About 21% of the married couples in Virginia and around the country will rely almost entirely on Social Security benefits during their retirements according to government figures. This is a problem because these benefits will only replace about 40% of their pre-retirement incomes. While the situation may seem especially grim for older nonworking spouses who wish to divorce, it is actually made somewhat easier by the Social Security Administration’s rules for divorcees.
The SSA allows divorced spouses who have never worked to receive up to 50% of the benefits their former wives or husbands are entitled to. Divorcees who worked and contributed to Social Security are also entitled to additional payments if their benefits do not meet the 50% threshold. These benefits are available to divorcees who have not remarried and were married for 10 years or longer.
Divorced spouses can begin to receive Social Security benefits when they reach the age of 62, but they will receive more if they choose to wait until they reach the full retirement age for their year of birth. For most people, the full retirement age is 66 or 67. Divorcees who have been divorced for at least two years may receive benefits based on their former husband or wife’s contributions even if their former spouse is still working. However, payments are only made if the former spouse is at least 62 years of age and eligible to receive benefits.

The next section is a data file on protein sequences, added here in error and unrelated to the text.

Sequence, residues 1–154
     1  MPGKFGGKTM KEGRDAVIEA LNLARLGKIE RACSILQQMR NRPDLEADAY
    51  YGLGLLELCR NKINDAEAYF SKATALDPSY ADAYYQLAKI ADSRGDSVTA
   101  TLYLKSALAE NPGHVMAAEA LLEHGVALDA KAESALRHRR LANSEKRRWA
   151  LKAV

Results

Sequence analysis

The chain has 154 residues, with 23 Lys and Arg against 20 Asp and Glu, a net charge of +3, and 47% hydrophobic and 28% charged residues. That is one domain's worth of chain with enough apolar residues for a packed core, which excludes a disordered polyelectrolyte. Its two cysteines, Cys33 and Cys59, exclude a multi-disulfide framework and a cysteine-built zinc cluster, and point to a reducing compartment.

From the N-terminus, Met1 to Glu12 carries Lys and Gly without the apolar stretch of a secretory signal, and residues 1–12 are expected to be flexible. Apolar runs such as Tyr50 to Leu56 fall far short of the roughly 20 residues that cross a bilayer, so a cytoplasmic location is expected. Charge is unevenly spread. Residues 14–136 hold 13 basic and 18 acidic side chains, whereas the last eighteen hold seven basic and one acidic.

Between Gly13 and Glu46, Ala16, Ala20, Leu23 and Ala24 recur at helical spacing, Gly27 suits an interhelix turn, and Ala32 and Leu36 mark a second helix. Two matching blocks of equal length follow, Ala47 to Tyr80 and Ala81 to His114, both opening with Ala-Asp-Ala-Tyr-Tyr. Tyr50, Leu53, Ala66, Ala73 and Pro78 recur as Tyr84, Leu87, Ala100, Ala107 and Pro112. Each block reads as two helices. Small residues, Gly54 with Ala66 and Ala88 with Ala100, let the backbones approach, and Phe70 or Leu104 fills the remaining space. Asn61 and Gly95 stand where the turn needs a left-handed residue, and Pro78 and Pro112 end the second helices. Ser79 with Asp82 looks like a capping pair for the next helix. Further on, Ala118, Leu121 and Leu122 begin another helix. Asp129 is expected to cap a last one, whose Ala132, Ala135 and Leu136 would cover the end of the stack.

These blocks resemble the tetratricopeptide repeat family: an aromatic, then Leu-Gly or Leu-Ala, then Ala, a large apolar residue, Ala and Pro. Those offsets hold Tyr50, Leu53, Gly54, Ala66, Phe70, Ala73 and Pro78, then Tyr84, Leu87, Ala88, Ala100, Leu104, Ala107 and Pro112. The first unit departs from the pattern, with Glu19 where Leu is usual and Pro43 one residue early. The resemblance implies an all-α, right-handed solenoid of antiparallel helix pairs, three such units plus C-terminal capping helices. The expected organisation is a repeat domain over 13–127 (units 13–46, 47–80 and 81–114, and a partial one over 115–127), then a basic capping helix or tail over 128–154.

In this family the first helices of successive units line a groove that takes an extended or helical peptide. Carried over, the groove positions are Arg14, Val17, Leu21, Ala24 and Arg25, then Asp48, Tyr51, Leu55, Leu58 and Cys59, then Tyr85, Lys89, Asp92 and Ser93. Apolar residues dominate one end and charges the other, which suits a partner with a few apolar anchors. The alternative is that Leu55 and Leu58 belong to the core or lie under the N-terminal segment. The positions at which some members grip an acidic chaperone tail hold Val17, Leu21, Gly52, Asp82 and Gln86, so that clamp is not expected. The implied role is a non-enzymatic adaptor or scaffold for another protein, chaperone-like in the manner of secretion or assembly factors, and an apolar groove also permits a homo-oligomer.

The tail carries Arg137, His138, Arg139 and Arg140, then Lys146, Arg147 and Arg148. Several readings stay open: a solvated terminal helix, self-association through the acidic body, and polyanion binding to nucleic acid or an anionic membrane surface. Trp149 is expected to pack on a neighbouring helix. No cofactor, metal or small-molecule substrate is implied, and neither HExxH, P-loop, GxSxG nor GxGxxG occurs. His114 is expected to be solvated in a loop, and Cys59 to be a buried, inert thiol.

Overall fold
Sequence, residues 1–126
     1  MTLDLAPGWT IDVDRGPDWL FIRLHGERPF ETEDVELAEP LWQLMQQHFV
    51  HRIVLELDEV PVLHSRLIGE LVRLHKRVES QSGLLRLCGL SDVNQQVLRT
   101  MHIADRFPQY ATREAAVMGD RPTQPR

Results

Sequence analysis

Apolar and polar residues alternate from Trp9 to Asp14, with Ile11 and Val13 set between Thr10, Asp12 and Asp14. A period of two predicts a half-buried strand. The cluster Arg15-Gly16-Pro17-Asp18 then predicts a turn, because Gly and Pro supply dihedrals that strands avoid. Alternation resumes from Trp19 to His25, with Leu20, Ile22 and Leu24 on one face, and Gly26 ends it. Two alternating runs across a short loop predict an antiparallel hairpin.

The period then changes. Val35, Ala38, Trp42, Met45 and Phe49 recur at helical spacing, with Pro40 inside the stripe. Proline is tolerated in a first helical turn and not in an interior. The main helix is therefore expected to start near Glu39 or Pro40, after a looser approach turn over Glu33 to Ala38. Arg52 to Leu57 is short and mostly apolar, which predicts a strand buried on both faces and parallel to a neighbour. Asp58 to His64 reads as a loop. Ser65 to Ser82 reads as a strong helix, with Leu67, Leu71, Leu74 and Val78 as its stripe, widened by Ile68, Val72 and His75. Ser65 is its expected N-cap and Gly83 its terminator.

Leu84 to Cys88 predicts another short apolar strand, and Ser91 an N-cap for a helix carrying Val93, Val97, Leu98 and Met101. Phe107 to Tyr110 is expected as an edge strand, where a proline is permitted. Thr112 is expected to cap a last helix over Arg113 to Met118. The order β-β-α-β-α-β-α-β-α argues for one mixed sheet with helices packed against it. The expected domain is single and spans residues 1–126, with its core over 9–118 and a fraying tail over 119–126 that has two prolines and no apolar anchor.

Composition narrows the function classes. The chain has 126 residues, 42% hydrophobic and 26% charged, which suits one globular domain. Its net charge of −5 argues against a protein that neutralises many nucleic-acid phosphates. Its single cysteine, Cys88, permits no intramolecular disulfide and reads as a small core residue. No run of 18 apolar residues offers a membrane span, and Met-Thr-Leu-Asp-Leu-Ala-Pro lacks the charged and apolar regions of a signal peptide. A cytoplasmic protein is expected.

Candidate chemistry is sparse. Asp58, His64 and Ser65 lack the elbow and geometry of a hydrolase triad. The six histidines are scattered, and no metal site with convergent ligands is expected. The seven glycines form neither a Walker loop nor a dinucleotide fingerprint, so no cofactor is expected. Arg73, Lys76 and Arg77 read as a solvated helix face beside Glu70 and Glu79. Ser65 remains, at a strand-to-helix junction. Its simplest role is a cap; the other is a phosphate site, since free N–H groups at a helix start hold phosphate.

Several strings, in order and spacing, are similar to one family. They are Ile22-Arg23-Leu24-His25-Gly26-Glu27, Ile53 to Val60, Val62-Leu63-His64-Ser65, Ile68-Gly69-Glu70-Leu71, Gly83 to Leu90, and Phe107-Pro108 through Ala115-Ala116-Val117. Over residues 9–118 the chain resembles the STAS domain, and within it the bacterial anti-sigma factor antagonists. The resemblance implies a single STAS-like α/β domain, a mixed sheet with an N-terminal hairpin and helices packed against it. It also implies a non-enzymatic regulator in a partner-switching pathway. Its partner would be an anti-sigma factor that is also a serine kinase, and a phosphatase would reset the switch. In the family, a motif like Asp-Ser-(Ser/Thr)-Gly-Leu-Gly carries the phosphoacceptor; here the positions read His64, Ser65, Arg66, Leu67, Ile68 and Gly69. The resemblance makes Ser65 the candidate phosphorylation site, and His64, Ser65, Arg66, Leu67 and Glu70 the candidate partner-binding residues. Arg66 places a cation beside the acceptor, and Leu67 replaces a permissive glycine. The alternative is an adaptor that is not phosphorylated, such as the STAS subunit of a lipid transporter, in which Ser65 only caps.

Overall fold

Experienced family law attorneys may spend considerable time discussing Social Security benefits and retirement accounts during a gray divorce. Attorneys might also ask financial advisors and retirement planners to explain how retirement funds can be divided in a divorce in a way that avoids additional taxes and penalties. When these issues are complex and traditional negotiations are unproductive, attorneys may be able to suggest an alternative venue like mediation.